Some municipalities, regional districts, and other agencies maintain priority species lists to help make effective management decisions. For example, species that are particularity aggressive or pose a public health risk may be prioritized. There may also be local, environmental, economic, safety, social, political or logistical concerns that are used to prioritize species. Particular sites or areas may also be higher priority for management than others. Management actions are further determined based on these priorities and depending on available resources and treatment methods.
Due to a large number of jurisdictions, existing management programs and localized species lists in the Metro Vancouver region, the ISCMV has developed a risk ranking tool for invasive plants that can aid land managers in management decisions and species prioritization. The tool is repeatable, tailored to the region and designed to identify the risk of priority species in Metro Vancouver. It considers a number of characteristics and factors for each species. Plants are scored and the results presented as a percentage for comparison to other plants. This tool does not account for abundance of species nor does it place species into management categories.
Invasive species are also prioritized at a Provincial scale using a science-based risk assessment process. The following provincial resources for priortizing invasive species are available:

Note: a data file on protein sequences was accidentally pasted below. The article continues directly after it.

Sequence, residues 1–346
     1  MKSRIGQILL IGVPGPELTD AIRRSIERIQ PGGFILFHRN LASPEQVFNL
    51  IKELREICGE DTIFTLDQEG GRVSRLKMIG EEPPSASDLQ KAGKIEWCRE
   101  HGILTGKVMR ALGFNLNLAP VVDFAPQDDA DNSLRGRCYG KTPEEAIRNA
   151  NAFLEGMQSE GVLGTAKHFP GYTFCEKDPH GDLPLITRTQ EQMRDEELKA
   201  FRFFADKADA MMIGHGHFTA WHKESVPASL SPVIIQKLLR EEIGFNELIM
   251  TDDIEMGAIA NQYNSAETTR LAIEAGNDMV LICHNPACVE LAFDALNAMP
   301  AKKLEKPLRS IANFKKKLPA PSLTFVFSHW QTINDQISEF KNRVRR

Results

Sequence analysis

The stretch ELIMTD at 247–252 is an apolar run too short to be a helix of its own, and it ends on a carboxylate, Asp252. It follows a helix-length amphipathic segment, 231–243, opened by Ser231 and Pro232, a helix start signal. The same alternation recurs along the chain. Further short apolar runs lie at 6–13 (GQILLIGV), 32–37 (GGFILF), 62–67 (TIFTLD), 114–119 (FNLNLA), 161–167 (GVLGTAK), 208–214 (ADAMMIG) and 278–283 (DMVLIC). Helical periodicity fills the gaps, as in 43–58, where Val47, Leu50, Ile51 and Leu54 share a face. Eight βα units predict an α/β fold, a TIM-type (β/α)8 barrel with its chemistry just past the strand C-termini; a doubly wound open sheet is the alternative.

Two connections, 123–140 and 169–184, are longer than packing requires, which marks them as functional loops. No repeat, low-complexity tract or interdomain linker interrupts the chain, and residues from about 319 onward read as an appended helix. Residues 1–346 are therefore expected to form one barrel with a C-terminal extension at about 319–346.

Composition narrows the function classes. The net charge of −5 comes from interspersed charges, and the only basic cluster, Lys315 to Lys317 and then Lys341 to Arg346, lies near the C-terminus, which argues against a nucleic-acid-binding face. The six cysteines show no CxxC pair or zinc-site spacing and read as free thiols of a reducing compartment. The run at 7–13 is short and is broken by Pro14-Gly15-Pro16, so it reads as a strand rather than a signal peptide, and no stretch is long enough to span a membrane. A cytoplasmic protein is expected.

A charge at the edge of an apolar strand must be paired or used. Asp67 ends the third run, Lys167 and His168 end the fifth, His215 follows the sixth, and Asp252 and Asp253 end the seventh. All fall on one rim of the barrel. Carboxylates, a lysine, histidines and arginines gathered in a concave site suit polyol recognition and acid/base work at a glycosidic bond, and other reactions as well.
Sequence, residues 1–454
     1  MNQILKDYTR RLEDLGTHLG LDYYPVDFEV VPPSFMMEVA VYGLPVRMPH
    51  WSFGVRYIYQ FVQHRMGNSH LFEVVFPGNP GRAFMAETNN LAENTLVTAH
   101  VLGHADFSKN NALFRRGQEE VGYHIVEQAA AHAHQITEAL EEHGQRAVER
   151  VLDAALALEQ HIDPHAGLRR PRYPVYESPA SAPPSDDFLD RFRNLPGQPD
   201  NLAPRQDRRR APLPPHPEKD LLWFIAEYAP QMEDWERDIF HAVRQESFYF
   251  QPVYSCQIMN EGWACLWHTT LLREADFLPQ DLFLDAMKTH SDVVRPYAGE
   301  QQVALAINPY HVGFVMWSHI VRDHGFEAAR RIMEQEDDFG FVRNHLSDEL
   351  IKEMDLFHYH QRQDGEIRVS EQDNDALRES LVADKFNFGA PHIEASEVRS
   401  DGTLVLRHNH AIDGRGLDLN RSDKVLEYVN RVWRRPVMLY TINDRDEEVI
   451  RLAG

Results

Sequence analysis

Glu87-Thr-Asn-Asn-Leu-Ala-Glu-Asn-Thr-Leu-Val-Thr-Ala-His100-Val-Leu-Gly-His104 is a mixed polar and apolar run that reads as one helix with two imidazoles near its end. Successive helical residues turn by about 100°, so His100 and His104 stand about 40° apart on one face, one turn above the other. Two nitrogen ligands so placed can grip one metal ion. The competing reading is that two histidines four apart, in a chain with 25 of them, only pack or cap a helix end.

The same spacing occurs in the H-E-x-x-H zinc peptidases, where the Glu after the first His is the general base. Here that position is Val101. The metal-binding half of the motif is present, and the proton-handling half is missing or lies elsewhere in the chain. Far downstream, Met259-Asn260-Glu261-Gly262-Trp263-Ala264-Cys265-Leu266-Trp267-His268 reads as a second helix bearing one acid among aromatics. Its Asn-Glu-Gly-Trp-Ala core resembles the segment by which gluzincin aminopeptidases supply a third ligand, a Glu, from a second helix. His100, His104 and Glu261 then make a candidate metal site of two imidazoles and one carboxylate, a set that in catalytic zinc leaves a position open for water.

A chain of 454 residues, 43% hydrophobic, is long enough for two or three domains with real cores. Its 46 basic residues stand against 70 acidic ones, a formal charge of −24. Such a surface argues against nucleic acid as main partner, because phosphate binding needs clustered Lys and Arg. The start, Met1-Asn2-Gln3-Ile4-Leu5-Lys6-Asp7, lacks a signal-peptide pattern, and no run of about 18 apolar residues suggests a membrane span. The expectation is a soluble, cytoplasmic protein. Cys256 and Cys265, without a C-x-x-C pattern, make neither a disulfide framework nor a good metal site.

- Priority Invasive Species in B.C. list
- B.C. Weed Control Act & Regulation designate provincial noxious weeds, regionally noxious weeds (none in the Metro Vancouver region) and additional unregulated plants of concern.
- B.C. Invasive Plant Candidates for Eradication are candidates for the B.C. Early Detection Rapid Response (EDRR) Program. These species are either not present in B.C. or limited in population. The following EDRR candidates are found in Metro Vancouver: water lettuce (NEW), mouse ear hawkweed, North African grass, Spartina species, shiny geranium (NEW - to be confirmed), yellow floating heart, Brazilian elodea, Dyer's woad, Phragmites. The status of management of these plants under the EDRR process is available here.
- B.C. Invasive Plant Core Ranking Process is a tool that can help land managers make invasive plant management decisions. The intent of the tool is to assist land managers in the identification of invasive plants that should be actively managed, and invasive plants that should be watched. The tool can be used for large management areas OR local management areas.
Best Management Practices
Best Management Practice guides are available for 15 regional priority species.
Priority Plant Profiles
Profiles for a selection of high priority regional plant species can be found below.